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Sangeetha Jyothi

N2Women (Networking Networking Women) has released its “2022: Rising Stars in Computer Networking and Communications” list, announcing 10 women from around the world “that you should watch” in this field. Among them is Sangeetha Abdu Jyothi, assistant professor of computer science at UCI’s Donald Bren School of Information and Computer Sciences (ICS).

“Sangeetha Abdu Jyothi has made significant contributions to Internet architecture, cluster scheduling, data center networks, and systems for machine learning,” says Professor Brighten Godfrey of the University of Illinois at Urbana-Champaign, who served as Abdu Jyothi’s Ph.D. adviser. “She is well known for her work on understanding the effects of solar superstorms on the resilience of the Internet, which identified areas of higher risk and mitigation techniques, and won the IETF/IRTF Applied Networking Research Prize. Her work has also won a Facebook Fellowship and the UIUC Mavis Future Faculty Fellowship.”

Abdu Jyothi says she is honored to have received the Rising Stars recognition. “It inspires me to continue my exploration of less-trodden paths in Internet resilience research.”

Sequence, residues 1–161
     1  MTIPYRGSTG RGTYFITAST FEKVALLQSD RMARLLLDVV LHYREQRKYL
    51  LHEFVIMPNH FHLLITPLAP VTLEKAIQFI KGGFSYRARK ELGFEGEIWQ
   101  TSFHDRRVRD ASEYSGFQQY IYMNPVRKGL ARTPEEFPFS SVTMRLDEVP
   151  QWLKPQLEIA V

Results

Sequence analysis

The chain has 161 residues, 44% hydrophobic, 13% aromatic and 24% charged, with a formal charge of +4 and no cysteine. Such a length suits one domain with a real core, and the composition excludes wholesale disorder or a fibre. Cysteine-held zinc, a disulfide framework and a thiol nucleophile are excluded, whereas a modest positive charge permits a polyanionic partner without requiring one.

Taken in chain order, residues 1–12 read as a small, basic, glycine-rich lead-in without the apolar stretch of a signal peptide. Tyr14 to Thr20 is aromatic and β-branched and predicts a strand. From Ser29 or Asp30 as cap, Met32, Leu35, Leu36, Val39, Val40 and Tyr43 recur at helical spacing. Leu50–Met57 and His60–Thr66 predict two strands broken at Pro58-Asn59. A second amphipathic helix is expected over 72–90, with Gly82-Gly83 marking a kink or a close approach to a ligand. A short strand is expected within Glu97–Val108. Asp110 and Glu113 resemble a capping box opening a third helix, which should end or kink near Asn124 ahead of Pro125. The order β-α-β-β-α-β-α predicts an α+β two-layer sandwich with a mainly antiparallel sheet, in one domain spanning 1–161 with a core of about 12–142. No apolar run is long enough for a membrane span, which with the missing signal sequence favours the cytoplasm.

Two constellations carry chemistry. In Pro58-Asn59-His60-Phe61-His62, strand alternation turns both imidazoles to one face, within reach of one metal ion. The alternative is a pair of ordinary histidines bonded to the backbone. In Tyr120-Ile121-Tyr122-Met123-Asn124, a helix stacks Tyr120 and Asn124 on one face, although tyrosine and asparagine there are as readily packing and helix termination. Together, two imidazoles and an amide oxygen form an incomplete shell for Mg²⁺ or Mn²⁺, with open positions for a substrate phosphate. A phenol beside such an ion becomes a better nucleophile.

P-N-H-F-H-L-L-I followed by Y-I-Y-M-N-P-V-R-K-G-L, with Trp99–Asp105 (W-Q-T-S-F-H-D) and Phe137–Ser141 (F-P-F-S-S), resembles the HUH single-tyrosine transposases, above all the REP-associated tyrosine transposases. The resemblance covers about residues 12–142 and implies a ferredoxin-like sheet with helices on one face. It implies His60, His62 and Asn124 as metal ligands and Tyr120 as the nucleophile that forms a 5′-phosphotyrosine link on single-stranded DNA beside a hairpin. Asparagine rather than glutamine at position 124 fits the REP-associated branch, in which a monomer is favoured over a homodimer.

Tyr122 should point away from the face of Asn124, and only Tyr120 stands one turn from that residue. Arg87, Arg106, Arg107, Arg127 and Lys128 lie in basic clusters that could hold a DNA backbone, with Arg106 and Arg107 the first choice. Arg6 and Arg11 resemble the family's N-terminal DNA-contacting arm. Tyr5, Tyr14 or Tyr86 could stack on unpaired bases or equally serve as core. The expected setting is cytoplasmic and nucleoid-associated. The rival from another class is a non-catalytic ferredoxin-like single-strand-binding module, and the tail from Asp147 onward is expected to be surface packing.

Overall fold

She presented her recent research, “Solar Superstorms: Planning for an Internet Apocalypse,” at SIGCOMM 2021, the annual conference of the ACM Special Interest Group on Data Communication. Soon after, her work was covered in a variety of publications, including Wired and Forbes.

Her research on understanding the resilience of the Internet infrastructure — and strengthening it — is ongoing. She is exploring ways to develop models for Internet failures, better understand the end-to-end behavior of Internet applications during large-scale network partitioning, and develop solutions for reconnecting a partitioned Internet and improving cloud resilience. As Abdu Jyothi has noted, “the Internet is a critical infrastructure in today’s society. Paying attention to large-scale threats and planning defenses against them is critical for the long-term resilience of the Internet.”

— Shani Murray